“Did Milley Think Trump Would Go Berserk?” Josh Marshall, Talking Points Memo: “[Milley’s] communications with the chief of the People’s Liberation Army are certainly noteworthy. But military chiefs talk to each other, often in just such cases, to avoid misunderstandings. But there’s nothing inherently improper about them. Certainly nothing unconstitutional. … Yes, what Milley did was highly irregular and in the case of nuclear weapons even questionable. But that’s mainly if you’re kind of pretending that we didn’t just have a President lose an election and then try to launch a coup to remain in power. And when that didn’t work he roused up a mob of violent supporters who stormed the seat of government with the intention of overthrowing the results of the election by force. … The instigator remains head of his political party. It’s treated as a given that he will be their candidate for President in 2024 if he chooses to run again. … Milley’s actions are mostly shocking because our political culture is committed to pretending the events [on January 6th] never happened.”

“No, General Milley, President Trump Wasn’t Losing It” Timothy L. O’Brien, Bloomberg Opinion: “… here’s the thing: Trump was the same guy before and after the 2020 presidential election and on Jan. 6 that he was when he was elected in 2016. He’s the same guy he was decades before that, too. Love him or hate him, Trump is consistent and has stayed true to form for most of his 75 years. It’s that authenticity that endears him to his supporters. … Did Trump suddenly go into a psychological slide in 2020 that made him more dangerous than before? No. It was obvious to anyone watching closely that he would rather burn down the house after the 2020 presidential election than acknowledge defeat. … It’s utterly predictable, because he doesn’t change. … The risks that the country, the rule of law, and our institutions still confront stems from that reality. The Republican Party continues to embrace and foment Trumpism. Much could still go wrong. And we can’t rely on military leaders going rogue to protect us from rogue presidents. … I’m glad Milley took the steps he did, and I honor his military service. But the fact that he had to maneuver around Trump demonstrates how broken things are. Milley is a sophisticated and dedicated public servant, and he was well aware how his actions would appear.”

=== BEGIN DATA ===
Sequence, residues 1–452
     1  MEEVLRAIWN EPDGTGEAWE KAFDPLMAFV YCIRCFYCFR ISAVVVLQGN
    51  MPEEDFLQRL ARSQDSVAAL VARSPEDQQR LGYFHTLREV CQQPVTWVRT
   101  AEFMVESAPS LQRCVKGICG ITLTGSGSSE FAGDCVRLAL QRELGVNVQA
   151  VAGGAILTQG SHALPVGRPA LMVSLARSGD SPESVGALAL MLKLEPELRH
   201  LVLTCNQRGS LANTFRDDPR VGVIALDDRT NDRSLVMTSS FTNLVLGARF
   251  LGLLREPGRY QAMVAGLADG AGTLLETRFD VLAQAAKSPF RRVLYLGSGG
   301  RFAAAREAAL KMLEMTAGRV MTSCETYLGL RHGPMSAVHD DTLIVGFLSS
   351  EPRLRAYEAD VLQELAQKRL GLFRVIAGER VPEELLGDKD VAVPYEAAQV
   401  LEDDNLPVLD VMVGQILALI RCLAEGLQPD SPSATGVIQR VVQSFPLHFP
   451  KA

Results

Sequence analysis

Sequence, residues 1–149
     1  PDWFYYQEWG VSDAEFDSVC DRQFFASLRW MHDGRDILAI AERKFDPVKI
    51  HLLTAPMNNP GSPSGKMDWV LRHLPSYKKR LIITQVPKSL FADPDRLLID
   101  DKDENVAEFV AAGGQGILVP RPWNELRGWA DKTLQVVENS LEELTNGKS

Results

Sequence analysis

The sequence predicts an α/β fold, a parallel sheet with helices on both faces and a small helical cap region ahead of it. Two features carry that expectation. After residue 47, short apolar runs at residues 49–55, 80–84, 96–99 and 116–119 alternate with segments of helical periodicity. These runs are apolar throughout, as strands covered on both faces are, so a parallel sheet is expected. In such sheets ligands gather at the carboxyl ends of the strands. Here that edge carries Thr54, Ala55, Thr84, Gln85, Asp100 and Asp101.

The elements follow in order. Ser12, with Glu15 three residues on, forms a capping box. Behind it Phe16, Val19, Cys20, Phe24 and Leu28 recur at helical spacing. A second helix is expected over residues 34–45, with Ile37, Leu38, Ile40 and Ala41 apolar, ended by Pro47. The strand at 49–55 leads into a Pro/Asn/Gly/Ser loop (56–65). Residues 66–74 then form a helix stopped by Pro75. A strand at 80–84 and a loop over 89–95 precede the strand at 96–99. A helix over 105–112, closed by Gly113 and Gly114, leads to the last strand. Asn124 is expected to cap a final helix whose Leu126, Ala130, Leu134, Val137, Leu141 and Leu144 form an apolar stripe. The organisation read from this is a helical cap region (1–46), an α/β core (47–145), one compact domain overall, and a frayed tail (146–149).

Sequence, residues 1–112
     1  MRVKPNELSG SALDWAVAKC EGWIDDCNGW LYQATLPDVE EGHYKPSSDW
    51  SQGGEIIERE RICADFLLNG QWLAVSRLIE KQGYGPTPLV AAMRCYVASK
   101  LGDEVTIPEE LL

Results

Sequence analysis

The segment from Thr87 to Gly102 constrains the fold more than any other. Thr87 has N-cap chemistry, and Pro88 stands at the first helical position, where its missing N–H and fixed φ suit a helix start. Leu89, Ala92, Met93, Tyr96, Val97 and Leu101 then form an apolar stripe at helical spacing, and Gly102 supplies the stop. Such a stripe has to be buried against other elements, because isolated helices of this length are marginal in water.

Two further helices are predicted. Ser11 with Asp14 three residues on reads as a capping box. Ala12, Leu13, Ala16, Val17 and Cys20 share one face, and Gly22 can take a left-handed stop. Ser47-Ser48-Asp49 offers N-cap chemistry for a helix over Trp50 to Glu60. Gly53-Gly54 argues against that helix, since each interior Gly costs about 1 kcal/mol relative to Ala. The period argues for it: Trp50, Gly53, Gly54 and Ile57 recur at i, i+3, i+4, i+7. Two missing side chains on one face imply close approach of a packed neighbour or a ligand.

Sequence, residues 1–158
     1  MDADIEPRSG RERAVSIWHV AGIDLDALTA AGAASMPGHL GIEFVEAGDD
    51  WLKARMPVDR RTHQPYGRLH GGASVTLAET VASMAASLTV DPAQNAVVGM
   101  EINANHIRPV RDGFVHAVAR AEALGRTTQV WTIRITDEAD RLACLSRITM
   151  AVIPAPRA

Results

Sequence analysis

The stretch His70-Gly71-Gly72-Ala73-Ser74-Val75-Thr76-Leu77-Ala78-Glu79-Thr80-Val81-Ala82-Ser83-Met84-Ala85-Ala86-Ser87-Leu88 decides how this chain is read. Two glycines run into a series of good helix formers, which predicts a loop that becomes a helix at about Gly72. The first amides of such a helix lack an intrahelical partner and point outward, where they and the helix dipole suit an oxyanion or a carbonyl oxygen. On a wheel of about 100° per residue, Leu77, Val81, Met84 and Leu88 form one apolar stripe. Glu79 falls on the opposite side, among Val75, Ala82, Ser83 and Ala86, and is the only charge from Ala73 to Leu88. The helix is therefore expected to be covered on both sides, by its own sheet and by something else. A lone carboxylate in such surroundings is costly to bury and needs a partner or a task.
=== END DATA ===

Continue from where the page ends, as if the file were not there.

Flag This: Traitor or Patriot


Bob Woodward’s trilogy of Trump books will come to an end with Peril. He published Fear in 2018 and Rage in 2020, which sold more than 1 million and 600,000 copies in their first week, respectively.

Flag This: Around this time last year, it was reported that on average, approximately one book about Trump and his inner circle had been released every single day over the past 188-week period. According to WNYC Studios, more than 1,200 books have in fact been published about the Trump presidency.